Mental health is an issue organizations can’t afford to ignore:
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Atrium HR Consulting shares some of the key statistics regarding mental health issues in the workplace:
- Most people spend approximately 60% of their waking hours at work
- Almost one in three people have experienced mental health issues while in employment
- Mental ill-health is the leading cause of sickness absence in the developed world, costing an average of $1,635 per employee per year
- Mental illness is estimated to cost companies over 225 billion dollars per year in the United States alone
- Lost productivity from presenteeism (working while sick) was at least 7.5 times greater than productivity loss from absenteeism.
- 2% of workers will experience a mood disorder over one year
- 65% of the workers are exposed to a co-worker who used or was impaired by an illicit drug during the workday
- The prevalence of reported depression appears to be rising. 14% of workers are currently diagnosed with clinical depression and 8% more believe they have had depression, but had not been diagnosed
- 16% of workers (excluding self-employed employees) say their place of work is a ‘frequent’ (11%) or an ‘ongoing’ (5%) source of feelings of depression, anxiety or other mental illness
- Nearly half (47%) of workers ‘agree’ that their ‘work and place of work is the most stressful part of their day and life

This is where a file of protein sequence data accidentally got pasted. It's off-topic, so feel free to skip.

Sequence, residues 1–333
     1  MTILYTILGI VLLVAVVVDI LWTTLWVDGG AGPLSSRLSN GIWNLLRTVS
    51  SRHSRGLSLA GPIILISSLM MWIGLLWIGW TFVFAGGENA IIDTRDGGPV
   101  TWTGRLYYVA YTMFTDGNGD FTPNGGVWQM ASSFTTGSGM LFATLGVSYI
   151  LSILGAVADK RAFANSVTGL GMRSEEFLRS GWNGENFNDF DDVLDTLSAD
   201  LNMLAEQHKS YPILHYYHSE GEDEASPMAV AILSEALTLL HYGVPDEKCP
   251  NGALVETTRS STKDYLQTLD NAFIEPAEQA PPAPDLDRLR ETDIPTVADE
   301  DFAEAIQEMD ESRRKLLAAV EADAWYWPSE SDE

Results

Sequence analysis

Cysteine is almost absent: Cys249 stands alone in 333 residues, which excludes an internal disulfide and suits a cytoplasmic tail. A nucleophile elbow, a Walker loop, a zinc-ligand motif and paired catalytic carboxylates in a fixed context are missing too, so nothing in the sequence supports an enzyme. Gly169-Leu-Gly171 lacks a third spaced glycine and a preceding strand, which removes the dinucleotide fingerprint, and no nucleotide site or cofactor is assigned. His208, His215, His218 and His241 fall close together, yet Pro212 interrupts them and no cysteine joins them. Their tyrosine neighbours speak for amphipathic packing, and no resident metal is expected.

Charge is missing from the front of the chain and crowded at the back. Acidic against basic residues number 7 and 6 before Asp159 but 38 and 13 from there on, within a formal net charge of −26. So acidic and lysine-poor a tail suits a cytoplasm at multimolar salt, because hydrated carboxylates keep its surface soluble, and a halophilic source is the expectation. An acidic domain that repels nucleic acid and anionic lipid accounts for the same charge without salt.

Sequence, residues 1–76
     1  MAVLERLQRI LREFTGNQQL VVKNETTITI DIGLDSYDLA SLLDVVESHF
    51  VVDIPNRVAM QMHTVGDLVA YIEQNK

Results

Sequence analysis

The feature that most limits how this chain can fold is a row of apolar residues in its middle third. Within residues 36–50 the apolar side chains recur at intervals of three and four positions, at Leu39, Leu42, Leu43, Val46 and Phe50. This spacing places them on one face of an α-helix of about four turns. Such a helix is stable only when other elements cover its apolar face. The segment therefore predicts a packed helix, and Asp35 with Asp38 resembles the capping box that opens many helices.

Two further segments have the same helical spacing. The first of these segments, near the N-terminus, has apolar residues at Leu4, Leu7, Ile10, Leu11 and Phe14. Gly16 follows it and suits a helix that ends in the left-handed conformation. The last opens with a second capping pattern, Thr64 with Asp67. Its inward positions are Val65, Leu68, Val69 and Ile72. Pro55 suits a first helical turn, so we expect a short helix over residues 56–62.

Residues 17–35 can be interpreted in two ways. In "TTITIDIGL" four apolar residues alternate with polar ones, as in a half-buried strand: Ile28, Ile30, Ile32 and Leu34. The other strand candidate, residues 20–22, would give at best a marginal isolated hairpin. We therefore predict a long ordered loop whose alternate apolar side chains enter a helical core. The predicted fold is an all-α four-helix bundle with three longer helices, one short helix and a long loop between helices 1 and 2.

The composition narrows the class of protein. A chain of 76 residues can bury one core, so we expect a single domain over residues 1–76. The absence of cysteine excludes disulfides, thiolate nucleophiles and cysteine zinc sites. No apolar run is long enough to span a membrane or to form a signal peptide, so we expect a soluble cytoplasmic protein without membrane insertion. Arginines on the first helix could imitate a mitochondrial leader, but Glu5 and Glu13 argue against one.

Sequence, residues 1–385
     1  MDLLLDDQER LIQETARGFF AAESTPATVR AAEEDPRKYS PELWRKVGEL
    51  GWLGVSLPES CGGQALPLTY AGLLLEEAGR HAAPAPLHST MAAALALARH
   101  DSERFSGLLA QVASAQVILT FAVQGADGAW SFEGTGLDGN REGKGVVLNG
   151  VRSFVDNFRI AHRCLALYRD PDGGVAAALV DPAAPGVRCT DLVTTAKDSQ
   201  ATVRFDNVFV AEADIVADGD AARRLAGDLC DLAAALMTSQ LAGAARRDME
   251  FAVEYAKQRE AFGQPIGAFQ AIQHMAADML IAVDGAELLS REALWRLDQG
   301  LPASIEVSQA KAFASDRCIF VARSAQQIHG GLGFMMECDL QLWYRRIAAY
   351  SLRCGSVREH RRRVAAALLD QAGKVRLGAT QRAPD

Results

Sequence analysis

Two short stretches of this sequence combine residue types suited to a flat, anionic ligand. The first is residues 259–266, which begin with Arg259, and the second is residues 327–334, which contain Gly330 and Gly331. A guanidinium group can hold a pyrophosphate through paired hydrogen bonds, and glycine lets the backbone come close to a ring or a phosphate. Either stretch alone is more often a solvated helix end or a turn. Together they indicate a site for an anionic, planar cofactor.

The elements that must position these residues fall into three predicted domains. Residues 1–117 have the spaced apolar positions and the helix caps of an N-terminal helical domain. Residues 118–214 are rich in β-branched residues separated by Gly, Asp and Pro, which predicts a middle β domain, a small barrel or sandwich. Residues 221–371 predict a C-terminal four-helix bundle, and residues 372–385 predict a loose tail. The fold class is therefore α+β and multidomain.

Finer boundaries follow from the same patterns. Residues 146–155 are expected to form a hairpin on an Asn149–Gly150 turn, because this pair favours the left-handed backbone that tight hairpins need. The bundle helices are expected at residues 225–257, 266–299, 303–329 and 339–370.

- More than one-quarter of employees perceive work-related stress to be high.
Mental health is an increasingly discussed topic in the workplace. As companies realize that emotional and psychological wellness isn’t an issue you can simply put a band-aid on, they are investing in comprehensive programs that support the health of not just their employees, but also the health and longevity of the entire company.
Millennials, who place work-life integration at the top of their workplace values, have brought constant connectivity and long hours to today’s work culture, and all of the overworking is taking its toll.
The Finnish Institute of Occupational Health found that employees who consistently log long hours are more likely to develop heart disease, substance abuse issues, and depression.
In response to this worrying trend, some companies are starting to provide mental health first-aid to its personnel. These trained mental health providers are designated to serve as a first responder for employees who are struggling with depression, anxiety, substance abuse, or psychosis.
By adjusting work culture to be more understanding of mental health issues, employees can feel comfortable getting the care they need, and improve their work quality and satisfaction in the long run.
Investing in mental health support shows how much a company values its team — and it’s a win-win for everyone: happy employees and sustainable productivity!
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